"A language is open
in case there is another language containing all the expressions of the
first and imparting to them their original meaning, which second language
however contains expressions not occourring in the first (as regard
either sounds or meanings) and at least one of these expressions is immediately meaning-related to an
expression of the first language. A non-open language is called closed.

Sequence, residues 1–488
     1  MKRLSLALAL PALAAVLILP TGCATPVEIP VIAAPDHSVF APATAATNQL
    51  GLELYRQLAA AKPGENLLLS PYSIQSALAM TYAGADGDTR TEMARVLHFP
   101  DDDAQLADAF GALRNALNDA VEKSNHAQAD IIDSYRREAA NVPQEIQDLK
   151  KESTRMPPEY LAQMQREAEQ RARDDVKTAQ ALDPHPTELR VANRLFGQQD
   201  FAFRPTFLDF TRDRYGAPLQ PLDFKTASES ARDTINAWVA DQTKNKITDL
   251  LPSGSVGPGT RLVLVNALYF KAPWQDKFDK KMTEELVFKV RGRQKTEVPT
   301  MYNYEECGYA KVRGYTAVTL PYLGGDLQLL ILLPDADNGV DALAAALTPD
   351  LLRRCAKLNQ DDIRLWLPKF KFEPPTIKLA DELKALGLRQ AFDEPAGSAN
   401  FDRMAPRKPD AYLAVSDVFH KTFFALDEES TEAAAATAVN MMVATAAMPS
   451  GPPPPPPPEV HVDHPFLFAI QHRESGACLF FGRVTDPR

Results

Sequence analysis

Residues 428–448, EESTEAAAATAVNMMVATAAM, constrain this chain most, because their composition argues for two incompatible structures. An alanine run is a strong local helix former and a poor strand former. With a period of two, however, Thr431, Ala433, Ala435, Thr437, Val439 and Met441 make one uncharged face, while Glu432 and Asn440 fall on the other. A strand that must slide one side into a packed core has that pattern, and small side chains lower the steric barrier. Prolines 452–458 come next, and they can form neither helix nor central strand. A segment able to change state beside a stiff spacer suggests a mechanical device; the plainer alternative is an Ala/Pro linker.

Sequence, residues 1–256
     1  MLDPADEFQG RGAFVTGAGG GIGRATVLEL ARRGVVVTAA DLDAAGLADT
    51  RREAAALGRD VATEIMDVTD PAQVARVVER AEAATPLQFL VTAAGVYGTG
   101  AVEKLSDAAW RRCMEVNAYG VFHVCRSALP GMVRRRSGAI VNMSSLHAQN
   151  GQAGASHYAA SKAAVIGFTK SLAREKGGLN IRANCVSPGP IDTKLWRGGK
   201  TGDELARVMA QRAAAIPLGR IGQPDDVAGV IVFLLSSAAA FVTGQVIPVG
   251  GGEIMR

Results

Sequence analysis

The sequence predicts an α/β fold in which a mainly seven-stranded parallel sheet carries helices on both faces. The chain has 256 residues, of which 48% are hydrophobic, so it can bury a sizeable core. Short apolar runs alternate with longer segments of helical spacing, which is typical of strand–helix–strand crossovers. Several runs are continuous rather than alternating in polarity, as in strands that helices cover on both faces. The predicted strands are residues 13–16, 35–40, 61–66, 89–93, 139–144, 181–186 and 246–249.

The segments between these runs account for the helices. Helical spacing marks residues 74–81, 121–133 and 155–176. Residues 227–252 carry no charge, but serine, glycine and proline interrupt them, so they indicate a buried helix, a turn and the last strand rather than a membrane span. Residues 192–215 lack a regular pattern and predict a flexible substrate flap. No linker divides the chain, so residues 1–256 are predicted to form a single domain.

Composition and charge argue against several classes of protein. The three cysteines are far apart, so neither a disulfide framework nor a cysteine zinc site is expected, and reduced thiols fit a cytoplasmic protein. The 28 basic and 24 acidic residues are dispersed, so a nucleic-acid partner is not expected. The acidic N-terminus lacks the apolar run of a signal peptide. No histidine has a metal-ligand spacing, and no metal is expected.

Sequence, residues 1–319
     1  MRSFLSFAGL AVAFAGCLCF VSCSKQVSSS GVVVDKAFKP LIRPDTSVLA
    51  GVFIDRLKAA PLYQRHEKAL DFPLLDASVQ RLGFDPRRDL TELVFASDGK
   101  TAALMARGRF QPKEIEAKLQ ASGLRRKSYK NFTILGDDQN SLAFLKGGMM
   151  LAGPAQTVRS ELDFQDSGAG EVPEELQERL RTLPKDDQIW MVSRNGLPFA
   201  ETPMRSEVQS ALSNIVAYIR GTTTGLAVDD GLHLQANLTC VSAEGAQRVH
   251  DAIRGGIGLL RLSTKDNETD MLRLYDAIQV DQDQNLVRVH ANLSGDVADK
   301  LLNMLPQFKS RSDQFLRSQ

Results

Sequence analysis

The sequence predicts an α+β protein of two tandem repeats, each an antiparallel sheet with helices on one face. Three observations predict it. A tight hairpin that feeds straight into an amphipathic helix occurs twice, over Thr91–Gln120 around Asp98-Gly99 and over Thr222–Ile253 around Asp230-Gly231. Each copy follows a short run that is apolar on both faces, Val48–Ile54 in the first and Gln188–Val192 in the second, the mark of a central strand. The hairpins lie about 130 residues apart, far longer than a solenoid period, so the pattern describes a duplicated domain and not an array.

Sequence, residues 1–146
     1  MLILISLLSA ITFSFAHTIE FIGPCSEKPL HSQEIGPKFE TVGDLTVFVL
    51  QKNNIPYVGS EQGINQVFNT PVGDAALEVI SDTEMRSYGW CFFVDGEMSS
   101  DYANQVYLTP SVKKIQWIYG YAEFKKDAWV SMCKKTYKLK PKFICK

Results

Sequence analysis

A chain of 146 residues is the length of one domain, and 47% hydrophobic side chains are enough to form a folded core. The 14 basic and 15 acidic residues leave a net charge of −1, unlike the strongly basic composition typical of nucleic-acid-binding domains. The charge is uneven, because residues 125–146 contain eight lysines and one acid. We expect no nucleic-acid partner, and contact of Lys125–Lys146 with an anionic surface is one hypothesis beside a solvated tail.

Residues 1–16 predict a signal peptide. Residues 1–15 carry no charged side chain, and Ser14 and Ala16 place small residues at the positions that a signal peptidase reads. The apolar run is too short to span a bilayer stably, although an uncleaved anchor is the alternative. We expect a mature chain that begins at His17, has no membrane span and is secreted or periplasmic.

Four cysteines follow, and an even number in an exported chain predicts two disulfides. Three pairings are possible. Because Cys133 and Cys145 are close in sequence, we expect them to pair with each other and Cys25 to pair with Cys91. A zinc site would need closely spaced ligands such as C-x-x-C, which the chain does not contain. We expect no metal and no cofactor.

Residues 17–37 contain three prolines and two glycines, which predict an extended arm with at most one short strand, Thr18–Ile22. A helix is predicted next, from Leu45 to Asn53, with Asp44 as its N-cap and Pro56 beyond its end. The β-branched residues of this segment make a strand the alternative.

Open language can have added to them new expressions (not synonymous with any of those already present) which are immediately meaning-related to expressions already present, without thereby altering the meaning of expressions already present. Closed language, on the contrary, become disconnected when ther is added a new expression non synonymous with any of those already present"
("The World-Picture and the Conceptual Apparatus" (1934), in K. Ajdukiewicz, The Scientific World-Perspective and other Essays (1931-1963), ed. by J. Giedymin, Reidel, Dordrecht 1978, p. 69).
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